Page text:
Technically, they’re waiting for the owners of both clubs (Hicks & Gillett at Liverpool and Ashley at Newcastle) to be forced by the financial credit crunch to reduce their asking price and get out or risk defaulting on the debts the clubs have accrued.
Today DIC came out with a statement saying that:
“DIC is not involved in any negotiations to buy Liverpool and is not planning a fresh bid for LFC or any other club.”
DIC’s past with Liverpool is well-documented – they wanted to buy the club and were close to finalising the deal (in fact the DIC execs were about to book their flights for a press conference announcing the deal) before Moores did an about-face and sold to Hicks and Gillett on a deal that netted him more money from selling his shares.
Sameer Al Ansari is on record as saying that they (DIC) didn’t want something like this to tarnish their reputation, and after dealing with Hicks and Gillett once in the past I’m 100% certain they won’t come back to the negotiating table unless the owners agree to the offer made by DIC in the first place.
Liverpool cannot currently finance the new stadium – the loans were too risky – and if the credit crunch worsens then serious questions will be asked about Liverpool’s ability to pay off current debts, let alone build a brand new stadium. And when that happens, and when/if Hicks and Gillett are unable to take out more loans to pay off the interest for previous loans, they will more likely than not bail out.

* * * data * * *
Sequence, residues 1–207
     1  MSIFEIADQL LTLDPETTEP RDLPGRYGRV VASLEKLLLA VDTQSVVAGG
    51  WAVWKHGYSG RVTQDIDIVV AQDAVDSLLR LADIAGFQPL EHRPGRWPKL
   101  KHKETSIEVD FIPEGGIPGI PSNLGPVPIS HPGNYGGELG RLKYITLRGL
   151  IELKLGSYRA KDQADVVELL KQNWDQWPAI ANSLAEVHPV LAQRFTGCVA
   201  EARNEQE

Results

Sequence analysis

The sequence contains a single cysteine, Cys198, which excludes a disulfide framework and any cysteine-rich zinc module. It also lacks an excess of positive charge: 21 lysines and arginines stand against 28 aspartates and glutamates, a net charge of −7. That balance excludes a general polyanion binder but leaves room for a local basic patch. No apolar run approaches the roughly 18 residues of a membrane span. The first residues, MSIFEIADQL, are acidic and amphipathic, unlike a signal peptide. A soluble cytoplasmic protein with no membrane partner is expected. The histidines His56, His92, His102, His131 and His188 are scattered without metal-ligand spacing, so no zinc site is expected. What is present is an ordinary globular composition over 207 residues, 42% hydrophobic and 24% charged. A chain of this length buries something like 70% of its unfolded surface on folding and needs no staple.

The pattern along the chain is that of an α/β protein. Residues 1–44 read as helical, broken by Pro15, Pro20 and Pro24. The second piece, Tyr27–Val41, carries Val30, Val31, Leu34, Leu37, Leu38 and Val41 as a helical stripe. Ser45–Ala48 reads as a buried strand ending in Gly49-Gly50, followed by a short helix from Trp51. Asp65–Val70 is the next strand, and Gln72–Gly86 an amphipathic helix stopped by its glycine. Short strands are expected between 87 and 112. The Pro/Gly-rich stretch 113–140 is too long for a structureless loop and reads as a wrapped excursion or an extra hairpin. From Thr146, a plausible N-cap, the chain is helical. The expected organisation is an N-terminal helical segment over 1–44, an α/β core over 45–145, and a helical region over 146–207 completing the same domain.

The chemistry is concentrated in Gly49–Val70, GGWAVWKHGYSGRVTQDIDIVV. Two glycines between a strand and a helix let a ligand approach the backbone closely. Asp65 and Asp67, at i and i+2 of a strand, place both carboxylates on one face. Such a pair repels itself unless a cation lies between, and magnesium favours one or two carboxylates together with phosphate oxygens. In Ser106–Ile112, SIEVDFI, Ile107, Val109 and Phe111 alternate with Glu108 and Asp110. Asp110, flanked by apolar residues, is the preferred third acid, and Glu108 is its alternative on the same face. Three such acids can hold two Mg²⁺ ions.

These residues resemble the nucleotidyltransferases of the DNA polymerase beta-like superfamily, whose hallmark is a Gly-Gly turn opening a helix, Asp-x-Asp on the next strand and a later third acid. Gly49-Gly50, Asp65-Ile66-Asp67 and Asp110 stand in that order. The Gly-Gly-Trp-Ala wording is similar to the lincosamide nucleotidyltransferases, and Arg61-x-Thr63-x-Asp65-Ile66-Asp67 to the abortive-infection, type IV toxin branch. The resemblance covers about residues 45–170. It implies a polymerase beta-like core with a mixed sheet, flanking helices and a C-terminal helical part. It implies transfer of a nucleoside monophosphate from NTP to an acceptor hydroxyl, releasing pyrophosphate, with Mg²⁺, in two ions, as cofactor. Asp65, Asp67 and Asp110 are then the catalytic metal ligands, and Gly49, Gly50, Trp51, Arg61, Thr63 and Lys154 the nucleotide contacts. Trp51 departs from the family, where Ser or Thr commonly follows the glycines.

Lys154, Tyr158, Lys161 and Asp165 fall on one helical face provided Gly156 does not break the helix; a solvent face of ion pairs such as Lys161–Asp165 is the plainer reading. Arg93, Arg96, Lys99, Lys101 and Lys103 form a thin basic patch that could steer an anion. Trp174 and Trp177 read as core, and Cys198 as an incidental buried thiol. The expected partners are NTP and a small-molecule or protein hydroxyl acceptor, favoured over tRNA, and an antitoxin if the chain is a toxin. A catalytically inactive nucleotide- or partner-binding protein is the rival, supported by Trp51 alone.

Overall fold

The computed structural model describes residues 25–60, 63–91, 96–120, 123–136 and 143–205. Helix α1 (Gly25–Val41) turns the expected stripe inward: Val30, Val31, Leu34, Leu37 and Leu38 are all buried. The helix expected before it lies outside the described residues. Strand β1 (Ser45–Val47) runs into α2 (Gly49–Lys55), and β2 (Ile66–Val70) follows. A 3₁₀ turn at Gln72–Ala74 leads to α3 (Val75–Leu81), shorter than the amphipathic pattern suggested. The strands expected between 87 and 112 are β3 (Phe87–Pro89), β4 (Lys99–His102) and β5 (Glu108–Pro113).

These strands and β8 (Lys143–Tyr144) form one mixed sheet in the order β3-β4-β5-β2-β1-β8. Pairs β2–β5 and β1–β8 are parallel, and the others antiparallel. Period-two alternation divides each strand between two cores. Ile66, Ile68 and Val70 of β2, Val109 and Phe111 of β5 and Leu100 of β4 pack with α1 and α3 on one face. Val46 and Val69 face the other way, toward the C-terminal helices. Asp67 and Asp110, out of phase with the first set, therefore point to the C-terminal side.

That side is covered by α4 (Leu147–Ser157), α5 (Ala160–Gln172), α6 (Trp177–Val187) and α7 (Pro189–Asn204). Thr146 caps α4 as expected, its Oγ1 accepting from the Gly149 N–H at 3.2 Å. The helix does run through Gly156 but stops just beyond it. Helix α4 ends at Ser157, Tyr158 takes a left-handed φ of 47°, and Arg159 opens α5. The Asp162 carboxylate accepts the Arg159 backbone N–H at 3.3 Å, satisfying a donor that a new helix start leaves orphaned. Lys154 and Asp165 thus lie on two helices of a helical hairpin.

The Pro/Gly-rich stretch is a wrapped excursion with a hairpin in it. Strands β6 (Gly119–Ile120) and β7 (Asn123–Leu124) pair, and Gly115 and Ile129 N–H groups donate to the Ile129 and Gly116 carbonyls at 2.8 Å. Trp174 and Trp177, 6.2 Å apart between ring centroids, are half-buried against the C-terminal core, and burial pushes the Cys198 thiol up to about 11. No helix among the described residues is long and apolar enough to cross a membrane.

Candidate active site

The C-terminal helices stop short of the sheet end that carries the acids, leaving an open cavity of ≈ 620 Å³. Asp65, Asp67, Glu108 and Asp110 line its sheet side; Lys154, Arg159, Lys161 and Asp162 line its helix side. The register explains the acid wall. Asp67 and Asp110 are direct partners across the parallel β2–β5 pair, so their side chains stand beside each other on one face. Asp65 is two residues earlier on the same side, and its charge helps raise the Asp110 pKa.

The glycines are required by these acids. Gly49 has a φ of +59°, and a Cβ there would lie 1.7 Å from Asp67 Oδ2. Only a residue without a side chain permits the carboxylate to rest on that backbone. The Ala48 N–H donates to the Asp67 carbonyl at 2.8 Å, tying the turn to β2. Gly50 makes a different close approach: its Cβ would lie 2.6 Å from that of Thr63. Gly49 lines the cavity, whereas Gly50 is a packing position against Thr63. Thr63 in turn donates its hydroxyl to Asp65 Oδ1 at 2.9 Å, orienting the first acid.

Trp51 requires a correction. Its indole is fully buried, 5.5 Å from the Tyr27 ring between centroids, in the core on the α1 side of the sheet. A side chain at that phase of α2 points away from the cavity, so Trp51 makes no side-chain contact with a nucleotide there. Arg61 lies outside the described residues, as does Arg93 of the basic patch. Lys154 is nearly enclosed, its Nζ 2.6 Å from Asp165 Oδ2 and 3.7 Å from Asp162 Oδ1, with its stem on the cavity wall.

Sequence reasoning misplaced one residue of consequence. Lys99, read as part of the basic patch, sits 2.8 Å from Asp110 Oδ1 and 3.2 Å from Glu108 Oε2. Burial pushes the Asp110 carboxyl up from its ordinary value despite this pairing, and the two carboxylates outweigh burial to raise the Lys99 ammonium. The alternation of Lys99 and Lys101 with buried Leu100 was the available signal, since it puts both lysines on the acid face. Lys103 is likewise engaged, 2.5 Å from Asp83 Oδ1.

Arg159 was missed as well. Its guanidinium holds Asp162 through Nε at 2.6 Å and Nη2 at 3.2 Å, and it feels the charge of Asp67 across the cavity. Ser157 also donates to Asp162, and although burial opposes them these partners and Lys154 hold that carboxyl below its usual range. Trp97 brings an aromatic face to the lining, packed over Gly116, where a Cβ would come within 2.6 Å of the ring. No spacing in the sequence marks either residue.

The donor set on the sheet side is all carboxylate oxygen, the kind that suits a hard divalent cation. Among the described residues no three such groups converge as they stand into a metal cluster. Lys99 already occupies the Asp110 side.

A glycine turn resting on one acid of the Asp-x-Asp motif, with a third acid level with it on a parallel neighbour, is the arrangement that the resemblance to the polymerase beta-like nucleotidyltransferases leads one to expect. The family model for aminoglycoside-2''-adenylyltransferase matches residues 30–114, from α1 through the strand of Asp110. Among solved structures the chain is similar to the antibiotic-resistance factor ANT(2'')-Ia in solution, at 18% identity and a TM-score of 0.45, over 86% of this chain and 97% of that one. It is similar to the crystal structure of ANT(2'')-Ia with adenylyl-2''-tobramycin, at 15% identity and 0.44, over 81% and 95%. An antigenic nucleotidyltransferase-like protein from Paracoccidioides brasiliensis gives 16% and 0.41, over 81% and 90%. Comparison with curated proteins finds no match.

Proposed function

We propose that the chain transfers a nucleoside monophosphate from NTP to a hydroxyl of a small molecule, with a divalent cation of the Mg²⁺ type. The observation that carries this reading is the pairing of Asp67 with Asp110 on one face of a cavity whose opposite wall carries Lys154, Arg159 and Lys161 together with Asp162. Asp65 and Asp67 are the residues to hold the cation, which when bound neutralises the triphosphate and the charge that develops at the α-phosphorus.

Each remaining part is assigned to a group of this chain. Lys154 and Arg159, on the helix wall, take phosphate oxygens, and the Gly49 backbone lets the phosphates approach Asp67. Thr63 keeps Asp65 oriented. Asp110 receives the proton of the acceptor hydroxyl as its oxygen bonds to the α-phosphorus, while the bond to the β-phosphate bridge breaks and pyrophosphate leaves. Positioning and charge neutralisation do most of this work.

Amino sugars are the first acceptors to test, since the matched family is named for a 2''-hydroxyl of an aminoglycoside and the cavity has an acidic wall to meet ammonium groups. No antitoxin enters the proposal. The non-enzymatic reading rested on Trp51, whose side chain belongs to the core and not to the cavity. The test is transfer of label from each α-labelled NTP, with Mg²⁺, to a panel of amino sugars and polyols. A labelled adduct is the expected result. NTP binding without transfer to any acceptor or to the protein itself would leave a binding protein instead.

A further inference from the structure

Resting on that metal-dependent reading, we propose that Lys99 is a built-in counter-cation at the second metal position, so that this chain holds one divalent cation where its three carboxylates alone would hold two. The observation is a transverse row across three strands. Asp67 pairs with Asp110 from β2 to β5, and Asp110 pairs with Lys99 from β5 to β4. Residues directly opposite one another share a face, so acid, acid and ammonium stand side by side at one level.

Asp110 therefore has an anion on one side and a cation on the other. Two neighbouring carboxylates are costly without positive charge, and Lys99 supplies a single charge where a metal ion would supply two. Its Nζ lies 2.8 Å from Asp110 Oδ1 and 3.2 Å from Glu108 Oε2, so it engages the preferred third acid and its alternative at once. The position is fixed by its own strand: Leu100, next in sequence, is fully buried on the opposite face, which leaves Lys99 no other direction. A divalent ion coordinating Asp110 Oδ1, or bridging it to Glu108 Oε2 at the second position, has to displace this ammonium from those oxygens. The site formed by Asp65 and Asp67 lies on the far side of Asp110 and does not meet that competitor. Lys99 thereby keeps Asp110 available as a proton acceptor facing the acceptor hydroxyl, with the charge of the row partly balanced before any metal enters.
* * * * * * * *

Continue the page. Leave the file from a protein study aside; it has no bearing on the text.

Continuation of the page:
But not before they push it to the brink in an attempt to get things right and get the stadium built.
So Liverpool is out – where does that leave Newcastle?
As Ashley has pointed out, he’s ploughed 200m+ in the club and there are still payments to be paid for players bought before he purchased the club. The fans have ridiculously high expectations, yes, but they would have lived with Keegan even if he didn’t win them trophies for a few years. Keegan’s gone now, and since Shearer isn’t ready for management there’s no one left who holds authority over the Geordie faithful, and this means intense pressure on whoever comes in next.
Financially and politically Newcastle are much better off than before but perhaps not in a state where a backer like DIC would be interested in coming in and sorting things out. There’s too much work to be done to take Newcastle to Liverpool’s level (Champions League regulars) – possibly another 200m to be spent on players – and DIC would wait for a bigger opportunity to come along before thinking of Newcastle. Then again, with the reaction of the fans to Ashley (who has been reticent about sharing his view for the club until it was too late), DIC might just keep away to avoid the ridiculous expectations.
That is, unless Newcastle is put up for sale at a cut-price deal that allows DIC to come in and rebuild without putting too much capital up front.
Newcastle and Liverpool fans will need to look elsewhere – with Liverpool needing an investor who is willing to pay Hicks & Gillett an inflated price and Newcastle looking for an investor who can put up with the fans long enough to guide the club towards the promised land of success.